By Paige Nash
Groundhog Day was yesterday. A tradition that has taken place on February 2 every year since 1887.
On this day everyone anxiously waits for the infamous Punxsutawney Phil to leave his burrow. If Phil sees his shadow, then we should expect 6 more weeks of winter weather and if he does not see his shadow, we are set for an early spring.
Did you know that the members of the Punxsutawney Groundhog Club claim that this Phil is the same Phil that has been making the yearly prediction since the tradition began? He is given an “elixir of life” every year at the summertime Groundhog Picnic, which “magically gives him seven more years of life,” the club said.
Unfortunately, Phil’s predictions are not always accurate. Not to mention that Phil is in Philadelphia. Weather conditions in the northern portion of the country are nowhere near the weather we can expect here in the south, especially in Louisiana, where we sometimes experience winter, spring, and summer within one week.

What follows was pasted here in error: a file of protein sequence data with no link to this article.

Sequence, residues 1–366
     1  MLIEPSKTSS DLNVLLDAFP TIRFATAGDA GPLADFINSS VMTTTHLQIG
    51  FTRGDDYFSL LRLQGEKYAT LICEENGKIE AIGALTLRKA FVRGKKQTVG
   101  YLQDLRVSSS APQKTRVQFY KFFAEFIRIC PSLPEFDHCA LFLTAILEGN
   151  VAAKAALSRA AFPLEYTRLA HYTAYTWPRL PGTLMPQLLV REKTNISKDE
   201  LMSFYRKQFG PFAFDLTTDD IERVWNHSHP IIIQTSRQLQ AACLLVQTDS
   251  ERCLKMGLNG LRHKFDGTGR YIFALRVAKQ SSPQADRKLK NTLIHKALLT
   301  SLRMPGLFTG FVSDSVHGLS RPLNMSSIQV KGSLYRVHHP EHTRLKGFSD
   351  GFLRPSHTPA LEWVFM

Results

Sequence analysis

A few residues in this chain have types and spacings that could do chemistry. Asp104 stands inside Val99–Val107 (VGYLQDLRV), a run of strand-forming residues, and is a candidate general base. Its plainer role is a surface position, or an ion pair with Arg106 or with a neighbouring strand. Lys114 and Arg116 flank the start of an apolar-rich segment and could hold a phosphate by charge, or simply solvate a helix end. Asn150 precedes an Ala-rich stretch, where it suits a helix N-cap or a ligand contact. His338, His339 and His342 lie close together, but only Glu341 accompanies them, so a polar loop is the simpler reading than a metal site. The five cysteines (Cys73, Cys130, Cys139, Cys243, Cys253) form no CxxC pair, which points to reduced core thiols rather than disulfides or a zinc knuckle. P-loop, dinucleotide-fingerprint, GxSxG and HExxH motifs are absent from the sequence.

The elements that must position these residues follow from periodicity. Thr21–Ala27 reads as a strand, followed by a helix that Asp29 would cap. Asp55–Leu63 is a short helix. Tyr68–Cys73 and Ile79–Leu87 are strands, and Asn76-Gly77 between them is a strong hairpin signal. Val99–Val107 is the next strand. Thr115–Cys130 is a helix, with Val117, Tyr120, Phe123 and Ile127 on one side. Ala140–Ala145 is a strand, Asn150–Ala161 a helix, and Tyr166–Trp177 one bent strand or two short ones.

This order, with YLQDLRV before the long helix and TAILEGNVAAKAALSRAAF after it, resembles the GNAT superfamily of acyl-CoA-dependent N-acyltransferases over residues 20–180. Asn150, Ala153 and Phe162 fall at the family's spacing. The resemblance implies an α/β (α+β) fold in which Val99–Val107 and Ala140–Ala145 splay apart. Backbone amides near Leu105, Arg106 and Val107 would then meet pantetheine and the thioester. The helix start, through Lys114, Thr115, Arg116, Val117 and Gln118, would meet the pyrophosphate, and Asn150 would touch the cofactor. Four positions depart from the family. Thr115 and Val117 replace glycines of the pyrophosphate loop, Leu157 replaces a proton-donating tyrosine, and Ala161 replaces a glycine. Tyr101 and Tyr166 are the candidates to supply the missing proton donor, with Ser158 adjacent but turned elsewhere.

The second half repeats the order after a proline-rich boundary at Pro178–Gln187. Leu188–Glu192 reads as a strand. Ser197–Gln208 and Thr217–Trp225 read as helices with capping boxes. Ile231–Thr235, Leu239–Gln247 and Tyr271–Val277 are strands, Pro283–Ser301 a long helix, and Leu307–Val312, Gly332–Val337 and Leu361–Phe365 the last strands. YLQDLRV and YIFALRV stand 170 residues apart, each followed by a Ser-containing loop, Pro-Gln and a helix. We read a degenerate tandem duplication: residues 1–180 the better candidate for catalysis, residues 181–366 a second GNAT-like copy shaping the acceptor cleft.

In 1999, a former Daily Iberian publisher Will Chapman began what is now called the “Cajun Groundhog prediction” according to a Daily Iberian article.
“One day I saw something coming up about Groundhog Day and thought, ‘What the heck do people in Louisiana care about six more weeks of winter?’ … I just thought, ‘Why are we paying attention to what some Yankee groundhog says?’ That is where the idea came from,” he stated in the article.
Our Cajun Groundhog, also known as a nutria rat, goes by the name of Pierre C. Shadeaux. Instead of Pierre predicting whether there will be more winter or spring, he predicts if we will see a longer spring or shorter summer. This is more fitting for our southern state of Louisiana.
This year Shadeaux, who had to be enticed by an apple to even come out of this burrow, did not see his shadow. That means an early spring here in the hot and humid capital of the United States.
(AP Photo/Barry Reeger)
To report an issue or typo with this article – CLICK HERE